Sunday You Learn How to Box
Reviewed by Dan Oko, Fri., May 12, 2000
Sunday You Learn How to Boxby Bil Wright
Scribner, 218 pp., $12 (paper)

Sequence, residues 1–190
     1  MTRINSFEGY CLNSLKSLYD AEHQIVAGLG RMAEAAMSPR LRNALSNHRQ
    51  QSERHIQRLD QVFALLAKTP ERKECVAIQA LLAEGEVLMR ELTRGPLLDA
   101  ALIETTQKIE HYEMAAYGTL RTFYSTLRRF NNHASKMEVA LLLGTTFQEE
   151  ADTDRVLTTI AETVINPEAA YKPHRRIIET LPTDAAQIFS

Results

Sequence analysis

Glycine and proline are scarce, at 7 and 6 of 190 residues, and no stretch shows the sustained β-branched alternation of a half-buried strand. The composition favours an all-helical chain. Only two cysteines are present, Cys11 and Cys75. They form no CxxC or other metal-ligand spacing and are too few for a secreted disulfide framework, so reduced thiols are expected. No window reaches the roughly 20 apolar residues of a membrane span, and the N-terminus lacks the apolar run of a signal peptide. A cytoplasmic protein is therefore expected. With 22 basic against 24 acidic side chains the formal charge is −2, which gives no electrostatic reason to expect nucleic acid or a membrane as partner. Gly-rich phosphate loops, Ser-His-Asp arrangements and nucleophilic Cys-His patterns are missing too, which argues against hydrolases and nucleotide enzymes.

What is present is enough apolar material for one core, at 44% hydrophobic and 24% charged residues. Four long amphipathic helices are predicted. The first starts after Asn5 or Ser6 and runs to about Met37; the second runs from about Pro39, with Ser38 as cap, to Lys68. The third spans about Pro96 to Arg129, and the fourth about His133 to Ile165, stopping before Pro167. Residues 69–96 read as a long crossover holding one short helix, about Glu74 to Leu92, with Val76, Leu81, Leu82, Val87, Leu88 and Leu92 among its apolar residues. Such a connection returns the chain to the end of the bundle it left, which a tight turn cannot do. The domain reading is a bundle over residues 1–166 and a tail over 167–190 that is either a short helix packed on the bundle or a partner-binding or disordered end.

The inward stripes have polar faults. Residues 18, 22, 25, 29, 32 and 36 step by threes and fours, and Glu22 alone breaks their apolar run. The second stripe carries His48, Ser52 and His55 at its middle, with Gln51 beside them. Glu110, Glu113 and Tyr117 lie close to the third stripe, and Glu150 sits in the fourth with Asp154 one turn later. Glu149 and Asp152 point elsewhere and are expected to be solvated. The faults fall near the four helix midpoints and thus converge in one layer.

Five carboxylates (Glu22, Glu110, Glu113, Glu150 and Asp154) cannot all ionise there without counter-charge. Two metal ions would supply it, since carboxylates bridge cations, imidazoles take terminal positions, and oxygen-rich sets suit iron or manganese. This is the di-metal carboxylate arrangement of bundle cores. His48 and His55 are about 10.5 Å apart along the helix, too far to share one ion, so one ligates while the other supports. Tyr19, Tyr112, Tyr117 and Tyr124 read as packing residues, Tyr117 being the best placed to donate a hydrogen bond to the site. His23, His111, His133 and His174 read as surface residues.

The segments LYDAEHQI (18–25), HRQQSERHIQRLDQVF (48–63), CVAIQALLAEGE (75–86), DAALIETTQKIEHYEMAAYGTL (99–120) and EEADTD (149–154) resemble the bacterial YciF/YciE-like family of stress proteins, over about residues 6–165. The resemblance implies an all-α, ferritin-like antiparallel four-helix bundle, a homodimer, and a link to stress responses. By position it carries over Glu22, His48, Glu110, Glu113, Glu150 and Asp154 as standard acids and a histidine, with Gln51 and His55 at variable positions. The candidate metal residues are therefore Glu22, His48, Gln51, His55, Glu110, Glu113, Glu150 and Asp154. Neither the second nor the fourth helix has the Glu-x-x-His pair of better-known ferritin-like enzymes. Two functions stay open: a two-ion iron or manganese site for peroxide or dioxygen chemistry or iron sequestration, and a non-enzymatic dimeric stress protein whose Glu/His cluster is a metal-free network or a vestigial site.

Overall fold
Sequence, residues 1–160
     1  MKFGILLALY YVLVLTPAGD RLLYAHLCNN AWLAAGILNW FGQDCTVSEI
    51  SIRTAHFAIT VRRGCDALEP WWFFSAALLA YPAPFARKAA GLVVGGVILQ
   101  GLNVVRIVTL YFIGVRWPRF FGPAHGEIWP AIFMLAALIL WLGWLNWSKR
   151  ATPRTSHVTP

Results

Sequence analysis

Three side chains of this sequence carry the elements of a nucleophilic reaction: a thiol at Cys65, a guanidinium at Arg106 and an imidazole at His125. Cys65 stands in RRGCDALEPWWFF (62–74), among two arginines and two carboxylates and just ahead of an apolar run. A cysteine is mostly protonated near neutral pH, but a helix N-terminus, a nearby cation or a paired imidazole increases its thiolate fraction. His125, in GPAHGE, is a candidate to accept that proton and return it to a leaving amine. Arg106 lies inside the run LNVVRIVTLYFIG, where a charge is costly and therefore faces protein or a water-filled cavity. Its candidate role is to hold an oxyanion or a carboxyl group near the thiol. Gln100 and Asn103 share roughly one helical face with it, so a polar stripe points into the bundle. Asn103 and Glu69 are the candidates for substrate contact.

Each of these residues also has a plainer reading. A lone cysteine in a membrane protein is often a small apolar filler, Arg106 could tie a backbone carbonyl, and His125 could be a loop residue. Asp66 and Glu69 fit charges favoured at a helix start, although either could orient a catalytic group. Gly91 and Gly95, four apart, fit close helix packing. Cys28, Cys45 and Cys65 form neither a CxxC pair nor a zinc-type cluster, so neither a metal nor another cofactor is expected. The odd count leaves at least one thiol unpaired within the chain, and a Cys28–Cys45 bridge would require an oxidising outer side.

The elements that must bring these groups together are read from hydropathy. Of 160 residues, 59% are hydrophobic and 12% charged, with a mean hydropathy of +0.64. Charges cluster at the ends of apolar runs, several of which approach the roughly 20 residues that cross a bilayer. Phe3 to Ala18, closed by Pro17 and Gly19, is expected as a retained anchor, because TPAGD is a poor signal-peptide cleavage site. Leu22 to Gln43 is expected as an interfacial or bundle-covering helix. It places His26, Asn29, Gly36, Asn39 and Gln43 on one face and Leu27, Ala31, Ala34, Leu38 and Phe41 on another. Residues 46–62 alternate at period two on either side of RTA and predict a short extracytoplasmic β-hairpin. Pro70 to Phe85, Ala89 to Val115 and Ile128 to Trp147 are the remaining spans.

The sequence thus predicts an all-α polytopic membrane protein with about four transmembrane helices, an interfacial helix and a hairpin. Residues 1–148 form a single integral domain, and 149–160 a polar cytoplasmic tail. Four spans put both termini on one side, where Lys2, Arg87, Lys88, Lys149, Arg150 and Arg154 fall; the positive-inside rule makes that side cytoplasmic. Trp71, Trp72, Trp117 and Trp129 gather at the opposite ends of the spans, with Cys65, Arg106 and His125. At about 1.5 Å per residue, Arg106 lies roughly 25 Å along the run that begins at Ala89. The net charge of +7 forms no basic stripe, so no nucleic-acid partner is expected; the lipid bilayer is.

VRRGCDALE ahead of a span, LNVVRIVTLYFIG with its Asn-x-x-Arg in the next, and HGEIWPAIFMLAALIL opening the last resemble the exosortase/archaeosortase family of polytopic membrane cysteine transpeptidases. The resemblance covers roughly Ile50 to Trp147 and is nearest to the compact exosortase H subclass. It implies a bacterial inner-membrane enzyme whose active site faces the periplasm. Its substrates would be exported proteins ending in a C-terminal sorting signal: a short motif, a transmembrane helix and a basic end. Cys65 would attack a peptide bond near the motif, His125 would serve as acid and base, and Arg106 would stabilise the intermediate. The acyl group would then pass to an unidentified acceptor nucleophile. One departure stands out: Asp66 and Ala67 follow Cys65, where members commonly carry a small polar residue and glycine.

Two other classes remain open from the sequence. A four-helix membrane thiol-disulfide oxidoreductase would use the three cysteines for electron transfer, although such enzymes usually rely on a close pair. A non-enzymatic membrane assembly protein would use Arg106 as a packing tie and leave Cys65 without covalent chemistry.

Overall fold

Despite the title of Bil Wright's debut novel and the fact that this urban tale kicks off with the alarming death of the protagonist's evil stepfather, the book's violence is primarily emotional. Sunday You Learn How to Box is the story of Louis Bowman, a young black man growing up in the projects just outside of New York City during the late Sixties and early Seventies. Despite this time frame, however, the novel is no more a civil rights allegory than it is a pugilist's coming-of-age; rather, young Louis must learn to deal with his alcoholic mother's crushing over-attention and his own burgeoning realization that he is gay. Given the backdrop and the era, homosexuality is no simple burden for Louis, who appears reasonably aware that his behavior is not what's expected of a young man on the verge of adulthood. When he receives a bike as a Christmas present, Louis finds himself at a loss. He doesn't really want the gift -- and we soon discover why. The afternoon Louis first takes the bike down into the courtyard, he's victimized by neighborhood bullies, who have already identified our hero as a sissy. His stepfather, Ben, who has been enlisted to help the boy learn to ride, adds insult to injury by allowing the other children to play with Louis' shiny new toy. By contrast, when Louis encounters the soul singer Jackie Wilson on television, he tells us: "Jackie Wilson was the prettiest black man I'd ever seen, with high, jutting cheekbones and skin that looked like powdered satin." When Louis finds himself confronted by Ray Anthony Robinson, a mysterious neighbor with a reputation for so-called craziness, their emotional kinship galvanizes Louis' emerging sense of identity and sexuality. In the meantime, the painful (though barely portrayed) boxing lessons of the book's title, doled out hatefully by Louis' stepfather Ben, allow the boy to assert himself when he's attacked by a stranger who has sensed his curiosity about sex and seeks to take advantage of it. In the end, the novel shapes up as a brief yet engaging meander through the trials of this singular adolescent experience. Wright has a keen eye for detail and employs a plainspoken, honest voice that more than holds the reader's attention. Still, he would have been wise to delve into the nuances of the relationships that drive the book instead of relying solely on the perceptions of Louis, a recognizable character in a tough but not particularly original predicament.